This is an excerpt from Revolution: An Urgent Call to a Holy Uprising. May it stir your heart as you read!
Some of the greatest leaders in the early church included men like Ignatius, who was fed to wild beasts, and Polycarp who was burned at the stake, and Justin Martyr, who was beheaded. Some of the greatest reformers of the late Middle Ages included men like John Huss, who was burned at the stake, and Girolamo Savonarola, who was tortured, strangled, and burned at the stake, and William Tyndale, who was also strangled and burned at the stake. (Never forget that the English Bible you hold in your hand today cost Tyndale his life!)
More recently, missionary-martyrs like Jim Elliot, Nate Saint, Roger Youderian, Ed McCully, and Peter Fleming (martyred in 1956), or twenty years before them, John and Betty Stam, left an eternal legacy in just a few short moments of obedience to death. Listen to their stories and you will understand.
John and Betty Stam were graduates of Moody Bible Institute, sailing for China as missionaries during a difficult time for missionaries. (They were actually married in China, Betty preceding John to the mission field by one year.)
They knew the risks involved, as the China Inland Mission was specifically recruiting laborers to work in dangerous, Communist-infested areas. But both of them had been inspired by a poem written after Southern Presbyterian missionary Jack Vinson was martyred in 1931. Vinson had showed no fear of death to his Chinese captors, telling them, “Kill me, if you wish. I will go straight to God.” The calmness he showed inspired his colleague E. H. Hamilton to write this poem.
Afraid? Of What?
To feel the spirit’s glad release?
To pass from pain to perfect peace
The strife and strain of life to cease?
Afraid? Of What?
Afraid to see the Saviour’s face,
To hear His welcome, and to trace
The glory gleam from wounds of grace
Afraid? Of What?
A flash, a crash, a pierced heart;
Darkness, light, O Heaven’s art!
A wound of His a counterpart!
Afraid? Of What?
To do by death what life could not—
Baptize with blood a stony plot,
Till souls shall blossom from the spot?
With courage and faith, John had challenged the graduating class at Moody in 1932. “Shall we beat a retreat, and turn back from our high calling in Christ Jesus; or dare we advance at God’s command in face of the impossible? Let us remind ourselves that the Great Commission was never qualified by clauses calling for advance only if funds were plentiful and no hardship or self-denial involved. On the contrary, we are told to expect tribulation and even persecution, but with it victory in Christ.”
The day of reckoning came for John and Betty Stam. (One recent book, obviously based on John Stam’s words to his class at Moody, calls it, “Victory Day for the Stams.” What a concept!) They were captured by Communists (their little baby, Priscilla, was miraculously spared), then painfully bound, stripped down to their underwear, and kept under guard for the night. The next morning, they were paraded down the street while being mocked and ridiculed, after which they were beheaded—baptizing with blood a stony plot, till souls have blossomed from that spot. They were not afraid of that!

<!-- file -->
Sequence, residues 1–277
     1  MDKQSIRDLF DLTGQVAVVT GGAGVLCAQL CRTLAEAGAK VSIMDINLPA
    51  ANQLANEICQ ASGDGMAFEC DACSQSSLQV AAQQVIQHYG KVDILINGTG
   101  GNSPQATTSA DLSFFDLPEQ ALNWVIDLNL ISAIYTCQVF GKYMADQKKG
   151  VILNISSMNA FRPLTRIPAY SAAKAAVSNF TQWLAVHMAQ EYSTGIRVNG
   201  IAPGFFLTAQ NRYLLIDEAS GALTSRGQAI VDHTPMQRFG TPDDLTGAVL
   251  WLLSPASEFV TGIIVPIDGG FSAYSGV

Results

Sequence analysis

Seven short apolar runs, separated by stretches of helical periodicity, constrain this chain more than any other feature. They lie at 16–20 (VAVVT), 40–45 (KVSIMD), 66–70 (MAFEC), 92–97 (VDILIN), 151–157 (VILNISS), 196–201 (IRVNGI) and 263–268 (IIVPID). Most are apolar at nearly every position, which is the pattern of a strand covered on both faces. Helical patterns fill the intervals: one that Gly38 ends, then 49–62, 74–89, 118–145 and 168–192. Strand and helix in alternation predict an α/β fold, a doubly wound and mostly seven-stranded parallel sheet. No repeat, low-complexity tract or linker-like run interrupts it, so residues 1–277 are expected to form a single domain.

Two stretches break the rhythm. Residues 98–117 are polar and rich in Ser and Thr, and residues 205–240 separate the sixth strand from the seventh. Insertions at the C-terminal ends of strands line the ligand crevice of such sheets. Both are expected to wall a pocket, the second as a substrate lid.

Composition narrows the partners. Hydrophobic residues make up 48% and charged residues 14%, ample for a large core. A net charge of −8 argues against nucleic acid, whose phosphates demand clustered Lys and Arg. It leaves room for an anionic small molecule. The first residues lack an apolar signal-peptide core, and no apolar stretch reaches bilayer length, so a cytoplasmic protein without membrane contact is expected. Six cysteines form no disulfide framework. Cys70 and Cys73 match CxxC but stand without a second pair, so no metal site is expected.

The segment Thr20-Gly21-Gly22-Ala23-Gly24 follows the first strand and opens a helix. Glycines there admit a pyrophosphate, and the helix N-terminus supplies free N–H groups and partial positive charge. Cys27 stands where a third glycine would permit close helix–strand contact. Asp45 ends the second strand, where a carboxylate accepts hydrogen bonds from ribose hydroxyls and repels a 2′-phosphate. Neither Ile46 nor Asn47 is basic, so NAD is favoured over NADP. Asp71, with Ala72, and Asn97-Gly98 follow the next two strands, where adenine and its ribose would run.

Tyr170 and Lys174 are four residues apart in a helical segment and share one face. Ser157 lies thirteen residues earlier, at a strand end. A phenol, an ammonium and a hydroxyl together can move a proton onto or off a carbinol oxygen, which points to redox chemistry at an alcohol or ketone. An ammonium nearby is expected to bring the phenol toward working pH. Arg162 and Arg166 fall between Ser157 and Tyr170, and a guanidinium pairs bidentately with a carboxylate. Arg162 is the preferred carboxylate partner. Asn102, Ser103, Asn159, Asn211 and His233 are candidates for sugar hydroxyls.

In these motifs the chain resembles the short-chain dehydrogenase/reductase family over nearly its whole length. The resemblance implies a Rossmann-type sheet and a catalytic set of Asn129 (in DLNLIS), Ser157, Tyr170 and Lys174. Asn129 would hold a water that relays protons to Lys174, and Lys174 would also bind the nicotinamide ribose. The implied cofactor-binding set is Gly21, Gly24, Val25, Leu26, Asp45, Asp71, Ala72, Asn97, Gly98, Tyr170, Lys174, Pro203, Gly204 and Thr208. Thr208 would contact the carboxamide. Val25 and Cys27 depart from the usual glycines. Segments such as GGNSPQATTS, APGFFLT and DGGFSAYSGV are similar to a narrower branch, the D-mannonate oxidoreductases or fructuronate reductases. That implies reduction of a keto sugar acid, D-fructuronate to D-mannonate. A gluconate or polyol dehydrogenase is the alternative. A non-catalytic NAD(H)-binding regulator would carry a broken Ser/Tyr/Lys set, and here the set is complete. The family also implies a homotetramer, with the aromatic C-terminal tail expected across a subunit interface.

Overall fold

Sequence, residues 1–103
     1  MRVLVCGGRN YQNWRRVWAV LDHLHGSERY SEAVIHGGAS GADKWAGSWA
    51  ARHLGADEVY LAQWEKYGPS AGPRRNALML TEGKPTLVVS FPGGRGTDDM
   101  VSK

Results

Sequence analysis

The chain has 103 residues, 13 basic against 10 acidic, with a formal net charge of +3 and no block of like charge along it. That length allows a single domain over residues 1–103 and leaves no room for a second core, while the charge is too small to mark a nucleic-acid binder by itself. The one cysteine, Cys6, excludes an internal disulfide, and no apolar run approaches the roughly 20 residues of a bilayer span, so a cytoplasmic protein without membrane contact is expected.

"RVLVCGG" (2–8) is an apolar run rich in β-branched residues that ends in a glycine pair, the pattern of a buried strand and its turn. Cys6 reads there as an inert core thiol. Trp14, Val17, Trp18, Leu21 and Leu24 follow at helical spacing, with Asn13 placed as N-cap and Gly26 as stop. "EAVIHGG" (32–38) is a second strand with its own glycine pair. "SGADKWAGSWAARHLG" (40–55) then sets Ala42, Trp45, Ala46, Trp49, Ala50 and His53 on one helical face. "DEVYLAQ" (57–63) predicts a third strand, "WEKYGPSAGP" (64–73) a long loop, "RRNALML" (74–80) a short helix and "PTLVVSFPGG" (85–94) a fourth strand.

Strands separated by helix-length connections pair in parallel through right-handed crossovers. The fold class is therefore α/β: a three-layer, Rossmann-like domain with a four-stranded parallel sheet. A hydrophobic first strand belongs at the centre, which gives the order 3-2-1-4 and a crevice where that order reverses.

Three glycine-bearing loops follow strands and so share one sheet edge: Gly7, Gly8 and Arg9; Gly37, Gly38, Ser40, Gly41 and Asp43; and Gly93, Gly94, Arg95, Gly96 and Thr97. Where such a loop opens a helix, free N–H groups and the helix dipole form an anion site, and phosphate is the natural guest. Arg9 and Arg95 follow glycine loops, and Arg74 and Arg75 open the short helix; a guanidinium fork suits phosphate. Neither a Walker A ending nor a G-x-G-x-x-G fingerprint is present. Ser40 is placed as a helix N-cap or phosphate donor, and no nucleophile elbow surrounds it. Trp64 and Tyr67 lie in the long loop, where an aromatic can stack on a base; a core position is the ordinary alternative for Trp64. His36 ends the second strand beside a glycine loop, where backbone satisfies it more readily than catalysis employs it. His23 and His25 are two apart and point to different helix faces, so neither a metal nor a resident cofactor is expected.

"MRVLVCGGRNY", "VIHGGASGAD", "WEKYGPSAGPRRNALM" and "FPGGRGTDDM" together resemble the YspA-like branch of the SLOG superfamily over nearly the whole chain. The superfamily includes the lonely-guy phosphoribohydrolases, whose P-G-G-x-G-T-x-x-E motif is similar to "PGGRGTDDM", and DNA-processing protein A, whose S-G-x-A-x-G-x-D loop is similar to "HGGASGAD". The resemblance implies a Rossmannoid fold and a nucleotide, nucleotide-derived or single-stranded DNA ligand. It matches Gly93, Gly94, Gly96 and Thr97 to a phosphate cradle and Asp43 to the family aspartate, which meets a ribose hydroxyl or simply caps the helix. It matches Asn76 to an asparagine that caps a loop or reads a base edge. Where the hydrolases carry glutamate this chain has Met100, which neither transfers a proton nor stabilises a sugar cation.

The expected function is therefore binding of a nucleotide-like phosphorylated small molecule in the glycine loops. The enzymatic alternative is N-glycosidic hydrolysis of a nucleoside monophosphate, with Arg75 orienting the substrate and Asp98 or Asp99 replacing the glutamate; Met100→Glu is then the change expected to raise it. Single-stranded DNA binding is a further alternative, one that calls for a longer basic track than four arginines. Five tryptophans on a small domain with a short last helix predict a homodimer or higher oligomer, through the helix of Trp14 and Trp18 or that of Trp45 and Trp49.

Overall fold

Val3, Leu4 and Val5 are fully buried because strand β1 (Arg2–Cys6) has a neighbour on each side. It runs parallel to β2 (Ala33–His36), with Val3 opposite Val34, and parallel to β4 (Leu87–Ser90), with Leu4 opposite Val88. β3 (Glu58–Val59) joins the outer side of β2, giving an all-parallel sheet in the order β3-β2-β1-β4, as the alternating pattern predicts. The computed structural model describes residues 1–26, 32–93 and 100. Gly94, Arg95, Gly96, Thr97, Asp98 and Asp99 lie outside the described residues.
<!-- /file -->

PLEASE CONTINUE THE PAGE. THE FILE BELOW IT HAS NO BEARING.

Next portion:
As word got out about their martyrdom, the impact was dramatic, both in terms of new missionary volunteers, new student prayer meetings, and large monetary donations to the work in China. A missionary with the China Inland Mission wrote to Betty’s parents: “A life which had the longest span of years might not have been able to accomplish one-hundredth of the work for Christ which they have done in a day.” That is the power of martyrdom!
“Very truly I tell you,” Jesus said, “unless a kernel of wheat falls to the ground and dies, it remains only a single seed. But if it dies, it produces many seeds” (John 12:24). One short act of obedience to death gave many others eternal life!
Here is an excerpt on John and Betty Stam, and the full article is HERE
On this day, 8 December 1934 the Communists marched John and Betty Stam through the streets of neighboring Miaosheo. A Chinese merchant, Chang Hsiu-sheng, fell to his knees and pleaded for their lives. Finding a Bible and Christian literature in his house, the Communists seized him, too, and marched him to the hill where the missionaries were to be executed. John pleaded for Chang’s life. However, a Communist cut his pleas short by slashing his throat. Betty fell to her knees, shuddering once before the blade severed her neck. The Communists executed Chang the next day.
Two days later, Mr. Lo, a local pastor, found Helen Priscilla Stam hidden in a sleeping bag. Pinned to her clothes were a few dollars that Betty had somehow managed to hide from the Communists. Mr. and Mrs. Lo carried Priscilla many miles and delivered her safely into the hands of other missionaries.